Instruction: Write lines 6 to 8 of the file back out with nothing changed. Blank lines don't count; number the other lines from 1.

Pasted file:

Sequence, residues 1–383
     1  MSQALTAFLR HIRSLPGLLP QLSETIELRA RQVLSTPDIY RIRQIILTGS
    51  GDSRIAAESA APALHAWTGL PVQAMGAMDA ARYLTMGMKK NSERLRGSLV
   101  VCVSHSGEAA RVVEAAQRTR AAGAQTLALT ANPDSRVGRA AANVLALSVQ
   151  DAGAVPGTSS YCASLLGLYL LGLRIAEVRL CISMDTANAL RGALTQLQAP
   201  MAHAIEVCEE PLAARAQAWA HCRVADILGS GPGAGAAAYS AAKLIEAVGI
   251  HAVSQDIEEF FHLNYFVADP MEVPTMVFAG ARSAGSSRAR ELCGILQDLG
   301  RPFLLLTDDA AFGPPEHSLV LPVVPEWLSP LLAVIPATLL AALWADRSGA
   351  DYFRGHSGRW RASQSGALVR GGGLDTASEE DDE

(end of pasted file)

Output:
   201  MAHAIEVCEE PLAARAQAWA HCRVADILGS GPGAGAAAYS AAKLIEAVGI
   251  HAVSQDIEEF FHLNYFVADP MEVPTMVFAG ARSAGSSRAR ELCGILQDLG
   301  RPFLLLTDDA AFGPPEHSLV LPVVPEWLSP LLAVIPATLL AALWADRSGA